World leaders launched an ambitious attempt on Monday to hold back rising temperatures, with the United States and China leading calls for the climate summit in Paris to mark a decisive turn in the fight against global warming.
United Nations climate talks set to begin in Paris next week promise to produce a landmark deal that has eluded diplomats for more than two decades.
Leaders of nations responsible for about 90 percent of the world’s greenhouse gas emissions have come bearing pledges to reduce their carbon outputs.
Conservatives have proven to be experts in making the media — and thus America — afraid of all the wrong things. For young males, car accidents and use of firearms are far too likely causes of death — and 2015 may be the first year ever when gun deaths outnumber automobile deaths.
President Barack Obama will meet with the leaders of China and India on the opening day of talks in Paris to reach an international climate agreement.
Climate scientists are very worried that a key location of the Pacific Ocean is now hotter than recorded in at least 25 years.
It is easier to make a political case for change using immediate and local threats, rather than those on a global scale, especially given the subtleties of climate change research, which features probabilities subject to wide margins of error and contradiction by other findings.
If you’re still looking for a scary Halloween costume, consider dressing up as a climate change doubter, an anti-vaccine advocate, or an elected official who hunts demons on the side.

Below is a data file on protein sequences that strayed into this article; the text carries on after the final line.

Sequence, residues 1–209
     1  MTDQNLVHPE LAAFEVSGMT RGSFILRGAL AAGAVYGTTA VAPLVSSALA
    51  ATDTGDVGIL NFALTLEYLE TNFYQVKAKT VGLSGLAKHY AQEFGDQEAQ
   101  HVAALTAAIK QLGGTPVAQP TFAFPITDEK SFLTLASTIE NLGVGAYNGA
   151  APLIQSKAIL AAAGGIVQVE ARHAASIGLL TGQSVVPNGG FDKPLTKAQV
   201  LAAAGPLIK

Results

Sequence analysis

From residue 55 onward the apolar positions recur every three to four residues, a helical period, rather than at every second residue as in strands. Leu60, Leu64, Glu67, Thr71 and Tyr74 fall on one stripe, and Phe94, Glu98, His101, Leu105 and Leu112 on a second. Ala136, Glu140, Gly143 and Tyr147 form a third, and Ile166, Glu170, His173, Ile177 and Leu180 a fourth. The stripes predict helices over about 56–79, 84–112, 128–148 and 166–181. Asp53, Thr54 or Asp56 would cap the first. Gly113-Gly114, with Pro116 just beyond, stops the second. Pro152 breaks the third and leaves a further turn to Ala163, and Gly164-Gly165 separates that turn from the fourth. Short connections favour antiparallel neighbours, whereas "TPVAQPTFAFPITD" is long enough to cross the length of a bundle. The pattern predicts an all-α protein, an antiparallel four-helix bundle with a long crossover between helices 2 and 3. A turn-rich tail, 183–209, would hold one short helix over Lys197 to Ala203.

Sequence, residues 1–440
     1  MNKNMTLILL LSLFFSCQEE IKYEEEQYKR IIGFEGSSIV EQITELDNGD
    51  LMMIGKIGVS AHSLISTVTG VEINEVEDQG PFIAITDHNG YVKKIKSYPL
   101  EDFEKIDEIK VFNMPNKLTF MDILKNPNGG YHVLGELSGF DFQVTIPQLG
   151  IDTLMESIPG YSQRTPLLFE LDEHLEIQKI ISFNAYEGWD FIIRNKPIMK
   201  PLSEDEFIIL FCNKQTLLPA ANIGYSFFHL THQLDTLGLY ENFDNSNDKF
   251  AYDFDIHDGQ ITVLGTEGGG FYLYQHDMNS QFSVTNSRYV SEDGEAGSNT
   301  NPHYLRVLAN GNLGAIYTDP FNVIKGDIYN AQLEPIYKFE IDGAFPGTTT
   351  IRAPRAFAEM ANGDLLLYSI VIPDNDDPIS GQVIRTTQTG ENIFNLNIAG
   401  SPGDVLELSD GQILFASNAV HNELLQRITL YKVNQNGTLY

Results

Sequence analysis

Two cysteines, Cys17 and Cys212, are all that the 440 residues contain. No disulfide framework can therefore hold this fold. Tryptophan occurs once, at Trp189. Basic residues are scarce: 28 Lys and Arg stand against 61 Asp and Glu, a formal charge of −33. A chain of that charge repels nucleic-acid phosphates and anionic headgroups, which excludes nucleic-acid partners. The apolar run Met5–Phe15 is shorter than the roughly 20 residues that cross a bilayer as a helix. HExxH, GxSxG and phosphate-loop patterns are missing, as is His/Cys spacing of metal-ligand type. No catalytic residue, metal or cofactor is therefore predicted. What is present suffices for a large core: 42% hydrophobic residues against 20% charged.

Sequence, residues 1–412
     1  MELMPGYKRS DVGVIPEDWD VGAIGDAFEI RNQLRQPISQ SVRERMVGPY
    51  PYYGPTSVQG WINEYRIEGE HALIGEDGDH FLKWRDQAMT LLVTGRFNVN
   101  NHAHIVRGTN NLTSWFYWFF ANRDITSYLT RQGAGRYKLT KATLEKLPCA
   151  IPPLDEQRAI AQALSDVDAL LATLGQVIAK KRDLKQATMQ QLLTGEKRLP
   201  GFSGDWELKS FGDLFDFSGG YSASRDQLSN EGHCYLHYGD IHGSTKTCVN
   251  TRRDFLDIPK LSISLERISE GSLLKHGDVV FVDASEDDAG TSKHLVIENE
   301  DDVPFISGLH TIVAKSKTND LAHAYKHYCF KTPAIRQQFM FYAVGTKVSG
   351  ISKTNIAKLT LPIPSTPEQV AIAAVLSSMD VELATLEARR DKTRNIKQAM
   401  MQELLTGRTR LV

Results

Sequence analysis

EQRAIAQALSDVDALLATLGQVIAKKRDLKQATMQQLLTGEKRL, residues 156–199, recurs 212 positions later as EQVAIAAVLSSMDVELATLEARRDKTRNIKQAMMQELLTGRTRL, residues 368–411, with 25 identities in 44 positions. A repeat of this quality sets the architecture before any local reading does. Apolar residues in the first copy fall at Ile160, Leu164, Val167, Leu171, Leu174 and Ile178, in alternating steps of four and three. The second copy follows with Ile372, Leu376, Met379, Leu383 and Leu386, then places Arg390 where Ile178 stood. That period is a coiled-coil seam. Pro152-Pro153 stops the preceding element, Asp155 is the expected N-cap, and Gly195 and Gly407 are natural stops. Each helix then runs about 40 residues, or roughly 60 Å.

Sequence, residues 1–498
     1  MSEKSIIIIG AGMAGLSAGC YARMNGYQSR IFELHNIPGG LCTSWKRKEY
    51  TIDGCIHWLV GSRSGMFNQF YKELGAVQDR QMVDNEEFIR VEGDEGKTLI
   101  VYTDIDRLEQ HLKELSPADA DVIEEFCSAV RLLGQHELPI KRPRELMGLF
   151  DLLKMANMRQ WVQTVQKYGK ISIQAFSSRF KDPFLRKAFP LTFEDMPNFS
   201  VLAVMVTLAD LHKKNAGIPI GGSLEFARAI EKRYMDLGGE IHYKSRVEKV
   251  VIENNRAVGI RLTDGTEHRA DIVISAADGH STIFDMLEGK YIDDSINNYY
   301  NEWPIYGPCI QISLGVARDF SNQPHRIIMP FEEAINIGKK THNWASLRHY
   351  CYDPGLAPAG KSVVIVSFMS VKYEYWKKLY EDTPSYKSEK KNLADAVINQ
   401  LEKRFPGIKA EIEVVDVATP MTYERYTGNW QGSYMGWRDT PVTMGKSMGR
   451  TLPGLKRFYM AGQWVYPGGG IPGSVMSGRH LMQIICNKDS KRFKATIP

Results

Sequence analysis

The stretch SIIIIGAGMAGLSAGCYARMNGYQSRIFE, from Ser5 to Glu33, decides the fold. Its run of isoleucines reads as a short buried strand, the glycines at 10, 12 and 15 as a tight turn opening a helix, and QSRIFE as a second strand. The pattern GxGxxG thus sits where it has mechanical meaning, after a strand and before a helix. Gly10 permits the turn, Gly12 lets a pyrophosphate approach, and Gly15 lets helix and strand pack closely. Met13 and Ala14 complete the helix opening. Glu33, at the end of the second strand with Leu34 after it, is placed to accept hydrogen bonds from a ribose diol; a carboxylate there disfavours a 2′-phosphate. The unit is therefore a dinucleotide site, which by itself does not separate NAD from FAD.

China’s president arrived in Washington on Thursday for a state visit and talks with President Obama — which that are expected to be clouded by differences.
Pope Francis to deliver a speech on Thursday to a Congress led by Republicans who have opposed issues of importance to the pontiff, including climate change and immigration.
In a speech on the White House South Lawn, the Argentine pontiff lauded President Barack Obama’s efforts to reduce air pollution.
Pope Francis arrived on his first visit to the United States on Tuesday, bringing to Washington a message that its power and wealth should be used to serve humanity, and not the other way around.
“I think it is imperative that we look at the Keystone pipeline as what I believe is the distraction from the important work we have to do to combat climate change.”
U.S. Senate Democrats on Tuesday unveiled energy legislation designed to hasten America’s adoption of cleaner energy, slash greenhouse gas emissions below the Obama administration’s goal, and help their party attract young voters in the 2016 elections.
In case you missed them during three hours of pessimism, lies, and awkward posturing, here are five imaginary crises Republican candidates will fix by repeating all of the mistakes we’ve already made.
Some truly historic things have unfolded this summer, and been only glanced at by a media transfixed on conflict and personality.
President Obama visited two remote native villages in the U.S. Arctic on Wednesday, hoping to show how climate change is affecting Americans.
President Barack Obama arrived in Alaska on Monday for a three-day tour aimed at spotlighting how its melting permafrost and eroding coastlines show the United States is already being hurt by climate change.
With 16 months left in office, Obama is trying to build support for tough new rules on carbon emissions from power plants ahead of a hoped-for international climate deal later this year that could cement his legacy on the issue.